Sharktistical Analysis (A Midseason Special Report): Overall Team Play

With the relatively successful Canadian road trip over, now is an excellent time to look at some current trends facing the team right now. There's a lot of graphs, so this isn't necessarily for the poetically inclined. However, your humble wordsmith will expound on the numbers. Majestically, I may add.

Join us after the jump for some of that Sharktistical Analysis that makes you wish the ol' mama birds were around here more often.

[Editor's Note]: We will be discluding the Vancouver game due to the fact that ten-game intervals are convenient, and more representative when examining the team's performance in blocks. It shouldn't be too difficult to mentally adjust for last night's game- if it is, pop me an email and I will give you what you need.


Takeaways: Not much here other than the obvious- the Sharks are one of the league's elite teams, and their record shows as much.

As the majority of you can see (for the rest expect the braille version on Tuesday), San Jose's point production has taken a dive in the last ten games. That alone wouldn't be troubling, but as we will touch on later, it isn't a case of the Sharks getting bad bounces or running up against a set of hot goaltenders. It's a variety of things that add up to the general state of the Sharks.

Fancy that. I guess that's why they call it a "team."


Game # Goals Goals Against
1-10 32 23
11-20 39 26
21-30 38 21
31-40 27 25

Takeaways: San Jose has been in the top five in goals per game all year, but as we can see, there has been a steep decline as of late. Reasons are many- injuries to some key players (along with getting back to 100% after returning to the ice), reaching that inevitable period during the season where the team is going to play poorly, and a lack of 60-minute efforts. All of those compound into what you see here.

The one consistent has been the Sharks ability to keep pucks out of the net. With all of the fireworks on the offensive side of the ice, the Sharks impressive defense (goaltending most certainly included) tends to get overlooked. The biggest positive in the last ten or so games has been consistency in this department, and as the old proverb states, "Defense wins championships."

The offense will (most likely, cross your fingers) come around, and has showed good signs of doing just that in the last two games. This will further decrease the time spent in the "bad" part of the ice. As long as the Sharks can keep up their attentiveness on defense, they will succeed.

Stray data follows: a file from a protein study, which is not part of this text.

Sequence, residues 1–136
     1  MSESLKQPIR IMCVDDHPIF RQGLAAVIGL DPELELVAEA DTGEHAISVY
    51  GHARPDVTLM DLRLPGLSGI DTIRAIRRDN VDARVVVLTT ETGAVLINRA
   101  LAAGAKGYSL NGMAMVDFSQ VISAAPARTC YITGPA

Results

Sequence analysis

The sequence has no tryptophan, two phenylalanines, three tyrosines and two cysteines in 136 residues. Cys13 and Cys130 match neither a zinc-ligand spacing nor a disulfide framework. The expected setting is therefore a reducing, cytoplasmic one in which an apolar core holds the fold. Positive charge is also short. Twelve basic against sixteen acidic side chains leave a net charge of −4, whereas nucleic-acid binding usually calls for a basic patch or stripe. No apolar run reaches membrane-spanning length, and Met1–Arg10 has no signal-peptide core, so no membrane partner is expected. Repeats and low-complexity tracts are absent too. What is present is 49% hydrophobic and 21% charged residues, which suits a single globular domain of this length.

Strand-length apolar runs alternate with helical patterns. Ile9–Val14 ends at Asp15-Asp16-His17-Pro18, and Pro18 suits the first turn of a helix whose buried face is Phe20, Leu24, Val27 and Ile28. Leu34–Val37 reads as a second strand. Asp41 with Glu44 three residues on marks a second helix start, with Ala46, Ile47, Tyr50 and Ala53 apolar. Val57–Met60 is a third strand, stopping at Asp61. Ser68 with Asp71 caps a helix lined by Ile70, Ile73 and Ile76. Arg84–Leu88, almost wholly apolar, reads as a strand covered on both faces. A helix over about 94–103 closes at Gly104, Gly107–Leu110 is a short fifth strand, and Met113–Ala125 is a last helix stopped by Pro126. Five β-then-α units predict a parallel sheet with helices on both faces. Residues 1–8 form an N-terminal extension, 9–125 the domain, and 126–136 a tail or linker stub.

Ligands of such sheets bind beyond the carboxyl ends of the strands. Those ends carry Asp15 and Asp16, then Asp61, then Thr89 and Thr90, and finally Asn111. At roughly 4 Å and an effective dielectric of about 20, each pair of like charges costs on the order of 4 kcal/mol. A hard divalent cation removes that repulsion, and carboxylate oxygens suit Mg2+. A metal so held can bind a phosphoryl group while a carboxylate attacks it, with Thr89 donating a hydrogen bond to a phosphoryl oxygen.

[Key Players]: Marc-Edouard Vlasic, Joe Thornton, Patrick Marleau


Takeaways: It's imperative that the Sharks improve in this category. The majority of each game is spent at even-strength. We've all seen referees put the whistles in their pockets once the postseason begins.

I'll address these issues below.


And for the sake of conversation:


Takeaways: An influx of shots on net results in more scoring chances, which results in more goals, which results in more wins. Cliche-city. But why have the Sharks had so much trouble generating offense at five on five?

Three big reasons.

1) No longer are teams sitting back and letting the Sharks dictate the play. Instead, opposing coaches are sending two men in on the forecheck, leaving the center to cheat puck side and break up any stretch pass that would allow the Sharks to generate odd-man opportunities. San Jose's forwards have not been moving their feet in the zone and creating passing lanes; last year's formula of stagnant skating seems to have befallen the team, the one area where the Sharks are guaranteed to have the upper hand every single night. That is, of course, if they are willing to work at it.

2) When coming through the neutral zone, teams are standing up our forwards at the blue line. For the sake of time constraints, I'm going to paraphrase my previous article on Puck Daddy for the upteenth time. Not because I love quoting myself (oh, but I do); it is because nothing has changed since then.

.....the Sharks aren't dominating shot totals like they did at the start of the season. A lot of our offense is based on putting pucks to the net off the rush, allowing our forwards to get second stabs at rebounds. What you're seeing now is opposing teams pressuring the puck carrier a lot more at the blueline, forcing us to either dump the puck in or engage in possession battles along the sideboards. It's disrupting our flow.....and has resulted in a number of recent games where we have been outshot.

A possible solution was layed out yesterday, and while it won't completely revitalize the offense, it will open up a lot more space to work along with taking advantage of our team speed.

3) The need to get more physical. Let's get physical, let me see those bodies talk*. The Sharks have been losing battles in the corners for what seems like years now and the grit we witnessed the first quarter of the year (see: Anaheim, first game) has all but dissipated. Man, it sure did look good. And ya know what? We were winning games. Lots of them.

* I am deeply sorry for that.

The Sharks ice one of the biggest squads in the league; yet, we seem more apt to play a finesse game. That will work against lower-tiered teams, but once we face the elite, that size needs to be taken advantage of.

[Key Players]: Ryane Clowe, Jonathan Cheechoo, Dan Boyle

I'll be back later tonight with a look at the special teams.

Go Sharks.